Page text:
Adele Fielding is a Professor in Haematology at UCL, Honorary Consultant in Haematology at UCLH NHS Trust and the current President of the British Society for Haematology.
Why did you become a haematologist?
I wanted to work in psychology. The sole reason I agreed to apply to medical school when encouraged by my teachers, was to become a psychiatrist. I had no particular interest in learning about or treating physical illness, because I was - and remain - rather squeamish. So, I prepared for psychiatry by taking an intercalated BSc in psychology during medical school. However, during the clinical training years, I could clearly see that the clinical practice of psychiatry did not conform to the lofty and possibly ridiculous ideas I had developed from reading RD Laing in Rochdale library as a sixth former. On the other hand, my clinical attachment to haematology fulfilled a lot of my daydreams of how I might enjoy working with and helping people in extremely psychologically challenging situations. I loved the atmosphere within the clinical team I was attached to and really enjoyed seeing the lasting relationships they made with patients.
I was also poor at anatomy – part of my excuse is extreme left-right confusion – so it was a relief that blood was just sort of everywhere and not in a specific place underneath and behind something that I would struggle to describe to an examiner. So, I began to imagine I might pass exams in this type of subject without hating having to study for them. Ultimately, I became interested in the science behind my clinical work. I share this rather roundabout story because there is a tendency to write off people who are not fully committed to academic endeavours in a specific discipline by the end of nursery school as somehow not serious. Getting from a to b in your career requires not only knowing what you want to do but also genuinely believing it is possible. If you are not the sort of person who sees yourself as a professor of something when you are still in medical school it may be because you’re still processing the fact that you even got to medical school in the first place! Take your time, it’s a marathon, not a sprint.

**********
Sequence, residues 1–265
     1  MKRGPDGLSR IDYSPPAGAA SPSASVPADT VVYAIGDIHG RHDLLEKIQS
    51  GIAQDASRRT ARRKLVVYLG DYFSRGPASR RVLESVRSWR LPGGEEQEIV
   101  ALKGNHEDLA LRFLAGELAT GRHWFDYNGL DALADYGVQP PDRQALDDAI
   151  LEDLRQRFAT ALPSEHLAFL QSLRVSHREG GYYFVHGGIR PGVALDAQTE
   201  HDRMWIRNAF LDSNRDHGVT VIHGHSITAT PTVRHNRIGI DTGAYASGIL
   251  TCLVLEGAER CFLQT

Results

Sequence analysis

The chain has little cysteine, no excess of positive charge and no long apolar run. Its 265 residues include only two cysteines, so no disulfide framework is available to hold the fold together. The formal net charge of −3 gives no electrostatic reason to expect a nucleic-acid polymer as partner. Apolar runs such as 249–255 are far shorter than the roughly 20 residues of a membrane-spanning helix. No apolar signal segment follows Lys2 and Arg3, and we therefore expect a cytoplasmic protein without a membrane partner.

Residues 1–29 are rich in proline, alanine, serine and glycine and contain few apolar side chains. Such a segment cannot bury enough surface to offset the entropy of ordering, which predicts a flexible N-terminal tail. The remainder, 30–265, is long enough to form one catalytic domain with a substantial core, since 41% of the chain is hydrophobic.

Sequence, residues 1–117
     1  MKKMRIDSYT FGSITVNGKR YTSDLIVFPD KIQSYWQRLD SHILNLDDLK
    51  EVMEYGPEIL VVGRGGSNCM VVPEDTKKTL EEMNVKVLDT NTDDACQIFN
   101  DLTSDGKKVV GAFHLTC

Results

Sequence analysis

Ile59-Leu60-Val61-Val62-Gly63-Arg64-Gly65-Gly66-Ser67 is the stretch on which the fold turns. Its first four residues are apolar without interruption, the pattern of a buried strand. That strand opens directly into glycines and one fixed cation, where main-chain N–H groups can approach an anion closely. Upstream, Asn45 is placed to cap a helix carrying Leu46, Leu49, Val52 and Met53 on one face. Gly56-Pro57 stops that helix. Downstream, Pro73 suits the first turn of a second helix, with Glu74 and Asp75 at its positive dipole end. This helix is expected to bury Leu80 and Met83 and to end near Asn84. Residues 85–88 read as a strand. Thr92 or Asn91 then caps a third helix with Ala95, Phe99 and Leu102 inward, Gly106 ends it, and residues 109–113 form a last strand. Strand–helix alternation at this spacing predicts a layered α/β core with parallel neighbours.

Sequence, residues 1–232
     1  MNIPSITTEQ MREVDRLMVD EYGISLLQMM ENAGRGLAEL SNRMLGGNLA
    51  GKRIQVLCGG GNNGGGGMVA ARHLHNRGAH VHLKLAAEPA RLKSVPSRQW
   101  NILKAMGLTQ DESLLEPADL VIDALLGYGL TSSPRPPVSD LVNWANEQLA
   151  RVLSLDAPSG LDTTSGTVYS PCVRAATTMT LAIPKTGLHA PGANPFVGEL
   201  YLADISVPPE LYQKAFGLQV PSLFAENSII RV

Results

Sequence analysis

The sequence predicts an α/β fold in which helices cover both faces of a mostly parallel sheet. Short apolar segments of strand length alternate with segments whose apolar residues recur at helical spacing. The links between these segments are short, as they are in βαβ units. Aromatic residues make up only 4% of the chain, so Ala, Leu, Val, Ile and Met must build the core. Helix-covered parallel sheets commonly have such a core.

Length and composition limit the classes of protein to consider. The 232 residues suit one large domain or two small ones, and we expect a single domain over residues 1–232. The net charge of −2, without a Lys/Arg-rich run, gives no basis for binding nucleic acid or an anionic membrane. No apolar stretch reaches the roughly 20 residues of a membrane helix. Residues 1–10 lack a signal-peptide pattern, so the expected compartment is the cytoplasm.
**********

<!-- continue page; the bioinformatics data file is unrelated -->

Did you face any challenges in your career attributable to being a woman? If so, how did you overcome these challenges?
I wouldn’t say that I was blind to certain issues that women commonly face that men rarely experience, however, because of the person I am, I tended to deal with these issues head-on, when they occurred. If you treated me inappropriately, I likely made you aware at the time and you’re still benefitting from a lifetime of my disrespect. However, I have an aggressive, somewhat “masculine” persona and often instinctively dealt with such issues promptly. I realise that women react in a large variety of ways to inappropriate behaviours. It is only the behaviours that are wrong, never the reactions of those experiencing them. Only more recently have I placed the numerous comments from male colleagues that I have received over the years (‘feisty’, ‘trenchant’, ‘breath of fresh air’) as the sort of things commonly intended to make women feel uncomfortable for being somehow ‘unladylike’. I didn’t and don’t struggle with these sorts of perceptions, because I genuinely don’t care. They reveal much more about the person who said them than they do about me. I am aware of having been underestimated and I am certain that still happens. It can be highly entertaining, not being seen as viable competition.